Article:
First Impressions Are Key
Many malpractice claims result from attorney-client relationships that began sour and grew steadily worse. That's why it is important to start off on the right foot with new clients.
One risk management solution: make sure the client's first impression of you and your firm is positive. The ensuing relationship will blossom.
Thanks For Coming
New clients should be warmly welcomed. Thank them for choosing you, and tell them you appreciate their business. Give them a professional introduction to your firm. Escort them through the office. Introduce your staff, especially those who will be assisting on the case. Explain your procedures for handling appointments and telephone calls.
In the initial interview, open your ears before your mouth. A good technique is to ask clients to tell their story in their own words. Listen closely without taking notes. Parrot key phrases back to the client to show you're paying attention.
Clients may be tense, anxious and rambling. Be patient. Don't belittle their concerns, even if unfounded.
"Listening is not the simple ability to decode information," says Kevin J. Murphy in Effective Listening. "It is a two-way exchange. One must not only open the lines of communication and relax, one must compel others to do the same. Be sensitive to subtle signs of dissatisfaction. Early detection and prevention of client disenchantment might prevent a serious blowup down the road."
After the client has finished with the story, you can take it once more from the top, this time taking notes and probing with questions. Here, a client interview form is critical.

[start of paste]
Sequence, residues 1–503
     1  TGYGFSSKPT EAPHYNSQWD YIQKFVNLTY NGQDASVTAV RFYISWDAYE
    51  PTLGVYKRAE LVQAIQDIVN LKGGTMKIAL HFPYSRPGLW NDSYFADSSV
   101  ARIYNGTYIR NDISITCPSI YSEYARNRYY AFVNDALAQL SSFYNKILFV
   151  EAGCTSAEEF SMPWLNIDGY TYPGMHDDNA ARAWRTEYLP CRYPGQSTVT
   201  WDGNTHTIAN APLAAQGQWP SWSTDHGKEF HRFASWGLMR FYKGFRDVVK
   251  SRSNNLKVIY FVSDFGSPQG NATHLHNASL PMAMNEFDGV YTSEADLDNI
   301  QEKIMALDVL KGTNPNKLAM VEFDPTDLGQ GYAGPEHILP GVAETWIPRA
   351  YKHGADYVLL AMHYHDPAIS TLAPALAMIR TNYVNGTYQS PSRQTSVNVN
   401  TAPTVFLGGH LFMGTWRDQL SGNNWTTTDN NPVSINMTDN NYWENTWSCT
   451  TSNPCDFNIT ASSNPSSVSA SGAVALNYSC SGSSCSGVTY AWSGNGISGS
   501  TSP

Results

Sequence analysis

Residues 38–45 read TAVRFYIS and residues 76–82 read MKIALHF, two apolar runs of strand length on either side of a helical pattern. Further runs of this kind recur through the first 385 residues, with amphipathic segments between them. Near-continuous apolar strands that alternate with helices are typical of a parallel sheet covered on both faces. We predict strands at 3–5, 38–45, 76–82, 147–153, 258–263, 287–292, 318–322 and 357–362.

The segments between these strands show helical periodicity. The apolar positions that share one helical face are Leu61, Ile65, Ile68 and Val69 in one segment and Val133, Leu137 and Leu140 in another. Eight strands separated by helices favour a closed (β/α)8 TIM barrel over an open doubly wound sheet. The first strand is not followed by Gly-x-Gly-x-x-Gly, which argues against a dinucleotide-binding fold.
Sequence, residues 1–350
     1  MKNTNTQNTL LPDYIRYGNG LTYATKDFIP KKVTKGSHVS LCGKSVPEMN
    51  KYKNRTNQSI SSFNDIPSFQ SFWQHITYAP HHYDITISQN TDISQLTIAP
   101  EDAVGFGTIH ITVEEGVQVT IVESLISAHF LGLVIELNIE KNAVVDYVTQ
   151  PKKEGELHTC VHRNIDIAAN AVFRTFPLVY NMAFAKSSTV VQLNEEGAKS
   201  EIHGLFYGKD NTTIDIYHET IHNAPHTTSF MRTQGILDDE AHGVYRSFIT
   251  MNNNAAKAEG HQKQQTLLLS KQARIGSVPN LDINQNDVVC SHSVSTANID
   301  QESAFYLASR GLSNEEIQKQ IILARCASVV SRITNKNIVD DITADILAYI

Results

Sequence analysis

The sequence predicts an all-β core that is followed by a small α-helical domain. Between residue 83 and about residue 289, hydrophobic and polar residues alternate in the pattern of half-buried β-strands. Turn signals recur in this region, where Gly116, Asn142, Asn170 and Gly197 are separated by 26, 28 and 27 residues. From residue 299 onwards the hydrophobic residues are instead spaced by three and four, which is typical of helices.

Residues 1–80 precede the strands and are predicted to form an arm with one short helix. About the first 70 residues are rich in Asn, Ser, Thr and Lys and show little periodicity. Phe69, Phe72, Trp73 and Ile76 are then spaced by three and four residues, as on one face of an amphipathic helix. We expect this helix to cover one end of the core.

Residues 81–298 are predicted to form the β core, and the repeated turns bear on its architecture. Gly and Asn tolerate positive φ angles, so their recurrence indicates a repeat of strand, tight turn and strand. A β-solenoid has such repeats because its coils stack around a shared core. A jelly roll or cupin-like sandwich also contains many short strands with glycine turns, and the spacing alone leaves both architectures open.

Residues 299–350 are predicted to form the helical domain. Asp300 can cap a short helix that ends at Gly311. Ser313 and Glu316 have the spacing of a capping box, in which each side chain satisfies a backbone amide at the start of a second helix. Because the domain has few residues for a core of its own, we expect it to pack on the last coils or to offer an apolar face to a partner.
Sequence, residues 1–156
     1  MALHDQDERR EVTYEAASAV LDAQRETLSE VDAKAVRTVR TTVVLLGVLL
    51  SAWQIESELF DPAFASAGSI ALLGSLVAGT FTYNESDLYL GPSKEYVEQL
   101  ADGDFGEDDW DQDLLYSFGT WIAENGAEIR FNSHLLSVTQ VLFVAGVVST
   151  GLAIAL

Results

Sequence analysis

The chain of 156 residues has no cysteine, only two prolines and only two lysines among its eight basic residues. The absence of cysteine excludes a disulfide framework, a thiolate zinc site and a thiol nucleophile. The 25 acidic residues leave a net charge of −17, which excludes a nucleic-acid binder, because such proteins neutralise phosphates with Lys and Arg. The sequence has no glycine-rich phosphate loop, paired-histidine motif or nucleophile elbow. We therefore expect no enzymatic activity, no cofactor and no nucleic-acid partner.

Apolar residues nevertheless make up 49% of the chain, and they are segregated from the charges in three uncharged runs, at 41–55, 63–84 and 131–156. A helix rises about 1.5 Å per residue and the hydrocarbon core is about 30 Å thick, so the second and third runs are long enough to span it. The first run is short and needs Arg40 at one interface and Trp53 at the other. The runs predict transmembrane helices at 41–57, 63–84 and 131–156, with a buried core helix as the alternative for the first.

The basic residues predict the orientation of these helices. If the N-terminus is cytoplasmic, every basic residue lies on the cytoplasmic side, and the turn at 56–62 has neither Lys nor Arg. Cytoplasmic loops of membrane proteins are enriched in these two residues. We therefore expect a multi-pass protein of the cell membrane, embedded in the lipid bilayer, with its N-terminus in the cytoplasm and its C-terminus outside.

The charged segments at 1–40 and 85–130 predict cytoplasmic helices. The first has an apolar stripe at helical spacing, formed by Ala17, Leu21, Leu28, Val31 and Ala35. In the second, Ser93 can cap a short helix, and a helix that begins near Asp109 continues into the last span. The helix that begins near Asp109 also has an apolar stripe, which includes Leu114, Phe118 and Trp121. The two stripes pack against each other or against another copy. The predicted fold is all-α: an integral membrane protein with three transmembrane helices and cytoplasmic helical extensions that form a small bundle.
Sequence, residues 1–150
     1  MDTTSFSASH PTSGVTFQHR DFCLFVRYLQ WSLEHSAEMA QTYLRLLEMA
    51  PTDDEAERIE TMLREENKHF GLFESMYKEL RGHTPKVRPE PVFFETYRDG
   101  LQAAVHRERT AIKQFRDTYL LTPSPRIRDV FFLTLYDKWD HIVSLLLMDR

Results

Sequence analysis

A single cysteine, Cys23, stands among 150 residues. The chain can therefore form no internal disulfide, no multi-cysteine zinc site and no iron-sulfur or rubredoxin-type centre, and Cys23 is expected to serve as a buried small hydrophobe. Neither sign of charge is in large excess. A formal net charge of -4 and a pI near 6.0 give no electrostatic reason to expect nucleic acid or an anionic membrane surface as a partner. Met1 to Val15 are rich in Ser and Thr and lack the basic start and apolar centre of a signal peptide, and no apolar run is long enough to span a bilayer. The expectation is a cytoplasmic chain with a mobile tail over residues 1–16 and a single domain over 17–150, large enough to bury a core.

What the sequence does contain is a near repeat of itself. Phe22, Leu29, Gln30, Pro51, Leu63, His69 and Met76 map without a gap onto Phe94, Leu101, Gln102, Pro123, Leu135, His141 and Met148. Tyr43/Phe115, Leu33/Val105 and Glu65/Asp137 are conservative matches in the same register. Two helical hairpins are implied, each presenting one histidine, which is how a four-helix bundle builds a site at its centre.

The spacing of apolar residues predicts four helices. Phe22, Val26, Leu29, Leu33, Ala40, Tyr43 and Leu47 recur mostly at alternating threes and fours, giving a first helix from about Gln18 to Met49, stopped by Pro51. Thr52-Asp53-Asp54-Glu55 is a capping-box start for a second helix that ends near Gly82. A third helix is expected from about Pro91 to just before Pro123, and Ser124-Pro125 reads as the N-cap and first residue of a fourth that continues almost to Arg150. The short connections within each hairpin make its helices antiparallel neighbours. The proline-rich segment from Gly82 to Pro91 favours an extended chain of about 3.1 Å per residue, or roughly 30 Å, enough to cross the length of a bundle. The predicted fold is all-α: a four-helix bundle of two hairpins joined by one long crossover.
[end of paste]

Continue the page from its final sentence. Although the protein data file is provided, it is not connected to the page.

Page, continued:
Auto Accident/Injury Case Interview Form
Criminal Defendant Intake Form
Domestic Relations Interview Form
Personal Injury Case Interview Form
Develop an interview form that suits your practice needs. Be sure it covers all necessary information, including pending deadlines and conflicts of interest data. As you fill in the blanks on your form, don't lose sight of the person sitting on the other side of the desk.
"Lawyers collect facts about their clients instead of information about people," writes Milton Zwicker in the September 1994 Law Practice Management. "Firms focus their systems on files and not people. It is more important to know what kind of client has a legal problem than what kind of legal problem the client has."
New Client Questionnaire
A good idea is to develop a simple questionnaire that prospective clients can fill out while they're waiting to see you. When the form is completed, your secretary brings it to you. At a glance, you know who the prospective client is and what the case is about. When the client comes into your office, you can greet him or her by name and jump right into the interview.The questionnaire also protects you. It provides documentation in the client's own hand of what the client thinks the problem is and what relief the client seeks.
Client Intake Sheet
General Information Questionnaire
Prospective Client Questionnaire